Harvinder prevailed in three thrilling shoot-offs through the knockouts to win bronze in men’s individuals recurve open event at the Tokyo Paralympics. He remembers his focus being drawn away from 12.2 centimeter 10-point archery target placed 70metres away. He was at pre-Paralympics training camp at the SAI campus in Sonipat when Tarundeep Rai and Atanua Das walked in, fresh from their Olympic sojourn. It was a distraction for the 29-year-old, but a welcomed one.
Harvinder Singh remembers his focus being drawn away from 12.2 centimetres 10-point Archery target placed 70 metres away. He was at a pre-paralympic training camp at the SAI campus in Sonipat when Tarundeep Rai and Atanu Das walked in l, fresh from their Olympic Sojourn. It’s was a distraction for a 29 year old, but a welcomed one.He got to chatting with the duo, asking them about the conditions he should expect when he competed at the Yamenoshima Park at Tokyo. Those few insights were all he needed to win India’s medal. Harvinder scored perfect 10 in the shoot-off to beat South Korea’s Kim Min Su 6-5 to earn bronze in the third played playoff.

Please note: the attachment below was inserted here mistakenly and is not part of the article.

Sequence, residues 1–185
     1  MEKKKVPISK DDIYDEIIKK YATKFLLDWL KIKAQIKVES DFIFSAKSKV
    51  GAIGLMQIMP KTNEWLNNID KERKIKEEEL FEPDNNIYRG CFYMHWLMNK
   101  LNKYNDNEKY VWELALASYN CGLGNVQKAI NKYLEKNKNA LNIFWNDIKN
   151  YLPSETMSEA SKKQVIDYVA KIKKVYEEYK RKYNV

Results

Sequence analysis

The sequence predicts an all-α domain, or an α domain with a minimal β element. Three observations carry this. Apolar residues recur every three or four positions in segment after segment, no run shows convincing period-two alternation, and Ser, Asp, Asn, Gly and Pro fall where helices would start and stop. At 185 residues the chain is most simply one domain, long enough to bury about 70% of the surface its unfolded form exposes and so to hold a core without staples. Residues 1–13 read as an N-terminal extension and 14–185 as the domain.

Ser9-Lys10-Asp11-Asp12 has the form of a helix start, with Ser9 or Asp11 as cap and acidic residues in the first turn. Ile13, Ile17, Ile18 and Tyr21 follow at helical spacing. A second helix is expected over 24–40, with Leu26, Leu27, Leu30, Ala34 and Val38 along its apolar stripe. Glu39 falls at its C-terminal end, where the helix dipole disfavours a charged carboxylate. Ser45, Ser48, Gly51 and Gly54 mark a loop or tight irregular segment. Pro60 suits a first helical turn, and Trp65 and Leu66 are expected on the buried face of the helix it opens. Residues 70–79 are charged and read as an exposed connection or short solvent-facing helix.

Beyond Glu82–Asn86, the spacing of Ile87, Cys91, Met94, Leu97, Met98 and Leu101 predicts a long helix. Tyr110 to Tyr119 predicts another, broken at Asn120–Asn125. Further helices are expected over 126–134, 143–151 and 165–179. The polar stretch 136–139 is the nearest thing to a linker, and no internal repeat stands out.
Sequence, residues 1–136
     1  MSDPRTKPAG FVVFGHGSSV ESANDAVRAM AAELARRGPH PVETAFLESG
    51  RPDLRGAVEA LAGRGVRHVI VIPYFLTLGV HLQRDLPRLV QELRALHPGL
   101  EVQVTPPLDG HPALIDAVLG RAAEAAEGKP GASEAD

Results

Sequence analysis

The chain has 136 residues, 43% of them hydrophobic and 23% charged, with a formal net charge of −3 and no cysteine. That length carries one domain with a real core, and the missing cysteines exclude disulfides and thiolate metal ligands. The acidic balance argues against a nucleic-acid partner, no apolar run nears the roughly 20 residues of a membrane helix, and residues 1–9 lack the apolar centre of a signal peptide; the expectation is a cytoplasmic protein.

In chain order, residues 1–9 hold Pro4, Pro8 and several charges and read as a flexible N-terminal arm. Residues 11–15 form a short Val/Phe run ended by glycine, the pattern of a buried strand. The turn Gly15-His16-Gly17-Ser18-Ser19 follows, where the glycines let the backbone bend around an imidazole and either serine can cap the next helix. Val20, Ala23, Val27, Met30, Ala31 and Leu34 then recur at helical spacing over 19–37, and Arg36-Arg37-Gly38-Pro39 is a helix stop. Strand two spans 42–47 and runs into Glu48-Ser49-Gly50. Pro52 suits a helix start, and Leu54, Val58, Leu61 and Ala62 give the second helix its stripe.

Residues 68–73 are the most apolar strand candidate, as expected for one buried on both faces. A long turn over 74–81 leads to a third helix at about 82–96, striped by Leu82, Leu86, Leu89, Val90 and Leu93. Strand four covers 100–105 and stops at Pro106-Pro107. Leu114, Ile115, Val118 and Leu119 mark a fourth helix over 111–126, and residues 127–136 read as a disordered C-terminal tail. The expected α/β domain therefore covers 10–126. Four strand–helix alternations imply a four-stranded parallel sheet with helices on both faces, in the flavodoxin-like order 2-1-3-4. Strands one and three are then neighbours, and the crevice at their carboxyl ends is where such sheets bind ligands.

“They told me not to go after shooting a 10 while there is wind or rain. In rain, the arrow gets a bit heavier and that’s what made things difficult here. There was of course the pressure of the competition but I am glad that I could win India’s first medal in archery in Olympic or Paralympics.
At the age of one, his legs stopped functioning properly after the medicine he was administrated for treating dengue fever had an adverse reaction on his body. It didn’t stop him from being a good student though. Not just in school but also in life. It was this desire to learn new things that helped him stumble onto archery. Having gained a keen interest in sports while watching the 2012 Olympic Games, Singh wasted no time in pursuing it and enrolled in an archery the very next day.
Singh would never skip archery practice and the results were there to be seen as he won several medals at the national level. His performance gave local coaches the belief that he could make a career out of a sport he started following purely as an additional interest.